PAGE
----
By Tim Cherry, Belvoir EagleMay 18, 2012
FORT BELVOIR, Va. (May17) -- Protecting personal property is perhaps one of the most important concerns for Families experiencing Permanent Change of Station relocations during the upcoming summer moving season.
Servicemembers and Department of Defense civilians can protect their possessions by taking advantage of the Full Replacement Value program during government sponsored moves.
Instituted in 2007, FRV provides full reimbursement to personnel whose property is damaged or lost while in the custody of a transportation service provider.
Servicemembers must notify the transportation provider of all damage and loss within 75 days of the delivery. They must also make a claim to the provider within 9 months of the delivery.
When a claim is filed, the TSP maximum liability on all shipments is the greater of $5,000 or $4 times the net weight of the household goods shipment or the gross weight of the unaccompanied baggage shipment. The transportation provider's liability does not exceed $50,000.
Gregory Hand, Office of the Staff Judge Advocate Claims Office chief, said individuals can seek a settlement with the military claims office for losses exceeding the maximum limits.
Providing timely notice to the transportation service provider is extremely important even if a claimant does not take advantage of the full replacement value program.
"I strongly recommend that an individual makes those damage entries immediately," Hand said. "I think it helps the member's case by making an entry at delivery. If a damage or loss entry is made at delivery for a specific item, there's timely notice for that item even if the member does not get the form to the provider or the claims office within 75 days.
"If there's a problem with submitting a notice of damage or loss, we tell people to come here," Hand added. "We'll look at your documents and make sure the transportation provider gets notice of the damage or loss that you'll be claiming."
The provider has the right to inspect the damaged items once the notice forms are received. They can settle the claim by repairing or paying to repair damaged items.
"If it's not economically repairable, the settlement damages paid are based upon the full replacement value and not the depreciated value," Hand said.
Most movers can use the Defense Personal Property System on the move.mil website to submit a claim. If the mover has difficulty in using the DPS program or disagrees with the settlement offer by the provider, the mover may contact the military claims office, who can assist with the DPS program or mediate between the mover and the provider.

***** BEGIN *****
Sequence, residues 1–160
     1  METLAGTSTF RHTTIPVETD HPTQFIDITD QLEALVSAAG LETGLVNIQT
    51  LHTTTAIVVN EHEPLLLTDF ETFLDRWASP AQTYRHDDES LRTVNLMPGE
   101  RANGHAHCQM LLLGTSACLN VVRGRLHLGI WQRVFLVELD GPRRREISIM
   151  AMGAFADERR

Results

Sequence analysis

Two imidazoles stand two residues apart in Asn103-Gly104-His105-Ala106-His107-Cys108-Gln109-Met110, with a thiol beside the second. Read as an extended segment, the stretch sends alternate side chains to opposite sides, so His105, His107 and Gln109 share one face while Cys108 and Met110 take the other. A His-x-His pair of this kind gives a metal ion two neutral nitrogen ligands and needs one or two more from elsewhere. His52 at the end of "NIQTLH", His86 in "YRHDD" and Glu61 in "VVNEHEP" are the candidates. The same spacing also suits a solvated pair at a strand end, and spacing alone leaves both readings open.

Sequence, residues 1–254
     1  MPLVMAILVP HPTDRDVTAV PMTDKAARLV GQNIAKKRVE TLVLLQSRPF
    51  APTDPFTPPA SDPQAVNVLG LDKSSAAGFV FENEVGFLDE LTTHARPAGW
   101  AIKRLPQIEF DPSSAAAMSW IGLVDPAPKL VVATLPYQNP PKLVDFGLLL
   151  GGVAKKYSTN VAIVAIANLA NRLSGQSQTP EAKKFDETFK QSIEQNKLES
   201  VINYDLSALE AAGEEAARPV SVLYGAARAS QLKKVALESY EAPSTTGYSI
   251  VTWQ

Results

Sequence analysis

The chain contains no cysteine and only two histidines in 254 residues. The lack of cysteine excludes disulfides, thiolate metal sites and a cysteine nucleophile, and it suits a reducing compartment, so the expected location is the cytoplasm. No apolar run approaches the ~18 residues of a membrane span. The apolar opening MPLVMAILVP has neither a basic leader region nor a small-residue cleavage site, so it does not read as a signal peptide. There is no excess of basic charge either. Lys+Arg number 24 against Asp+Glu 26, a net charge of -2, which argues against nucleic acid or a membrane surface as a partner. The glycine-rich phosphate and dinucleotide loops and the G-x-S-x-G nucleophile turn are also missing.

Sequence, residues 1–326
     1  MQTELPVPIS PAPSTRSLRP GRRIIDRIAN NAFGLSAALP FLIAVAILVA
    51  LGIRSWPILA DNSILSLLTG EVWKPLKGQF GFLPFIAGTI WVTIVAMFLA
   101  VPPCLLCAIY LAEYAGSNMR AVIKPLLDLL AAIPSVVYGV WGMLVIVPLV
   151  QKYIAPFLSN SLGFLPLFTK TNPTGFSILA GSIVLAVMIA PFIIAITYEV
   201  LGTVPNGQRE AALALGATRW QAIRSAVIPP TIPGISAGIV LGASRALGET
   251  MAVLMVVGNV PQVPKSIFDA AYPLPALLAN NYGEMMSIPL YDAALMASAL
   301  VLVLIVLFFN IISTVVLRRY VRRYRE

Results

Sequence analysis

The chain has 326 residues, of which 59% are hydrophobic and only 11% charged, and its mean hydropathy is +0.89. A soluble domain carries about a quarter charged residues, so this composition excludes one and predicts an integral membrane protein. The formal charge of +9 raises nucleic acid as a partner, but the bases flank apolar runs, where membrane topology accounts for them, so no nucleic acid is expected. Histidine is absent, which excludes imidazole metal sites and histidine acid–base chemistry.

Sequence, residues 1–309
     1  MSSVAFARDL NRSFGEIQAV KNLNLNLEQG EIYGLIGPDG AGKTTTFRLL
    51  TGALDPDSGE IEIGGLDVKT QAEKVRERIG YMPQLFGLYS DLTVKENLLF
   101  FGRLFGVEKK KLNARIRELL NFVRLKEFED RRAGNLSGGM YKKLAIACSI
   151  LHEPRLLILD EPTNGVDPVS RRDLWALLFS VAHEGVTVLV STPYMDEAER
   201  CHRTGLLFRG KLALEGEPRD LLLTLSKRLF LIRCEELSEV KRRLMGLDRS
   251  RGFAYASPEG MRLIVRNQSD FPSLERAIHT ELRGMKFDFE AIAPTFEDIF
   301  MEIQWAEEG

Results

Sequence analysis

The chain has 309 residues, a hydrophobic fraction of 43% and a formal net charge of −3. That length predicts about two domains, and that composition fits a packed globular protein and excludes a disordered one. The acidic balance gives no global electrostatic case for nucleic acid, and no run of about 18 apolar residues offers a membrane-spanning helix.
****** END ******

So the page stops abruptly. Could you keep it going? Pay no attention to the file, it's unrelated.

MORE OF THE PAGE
If the 9-month deadline for filing a claim with the provider is missed, Families still can submit a claim within two years of the delivery but the reimbursement will not exceed depreciated value.
Hand said the key to receiving full reimbursement is properly documenting property ownership prior to the move.
He recommends Families create a household goods inventory, take digital photos, and scan receipts of their property to show proof of ownership and the value of an item.
"If there's anything missing in their move then they can show it later on, particularly if there's a question about the value of the item," Hand said.
Hand, who has served in claims for about 23 years, stresses that personnel document all property.
He mentioned his own claims experience after a move to Germany in 1989 when many of his personal items were missing. Although the mover had not entered a pair of speakers on the shipment inventory, Hand had photos and owner's manuals showing proof of ownership in addition to the entries of other stereo components on the inventory.
"I still remember the settlement letter saying, 'We almost didn't pay you for your speakers but you had such good evidence of ownership and value,'" said Hand who received a depreciated reimbursement.
Transportation personnel will make their own inventory list during the moving process and will take note of any perceived pre-existing damage to property. It is extremely important that the member carefully review the inventory to ensure that it is complete and accurate.
Hand said Families should voice disputes about the transportation provider's inventory to the transportation office.
"Don't sign the inventory if you don't agree with something," said Francisco Castillo, Joint Personal Property Shipping Office, Washington D.C. Area, freight rate specialist.
JPPSOWA selects the transportation service provider for PCS moves, but Castillo said the organization doesn't handle damage claims. The JPPSOWA assists during the PCS move by ensuring a servicemember is authorized for a government sponsored move and by providing counseling advice for movers.
JPPSOWA personnel discuss weight allowances with movers and inform them of items that can't be shipped, such as flammable equipment.
Personnel who are moving overseas for two to three years may store property in a JPPSOWA facility.
Castillo recommends those on PCS orders use the Defense Personal Property system during the move.
The system allows servicemembers to request a transportation provider, file claims and settle disputes with moving companies online.
The DPS system requires Internet Explorer to run, which means Macintosh users must download the web program to their computers, according to JPPSOWA's website. Visit www.move.mil/home.htm to use the DPS system. Visit the Fort Belvoir OSJA Claims Web site at www.belvoir.army.mil/sja/newsite/claimMain.asp or contact the claims office at (703) 805-2315/4395 or for more information.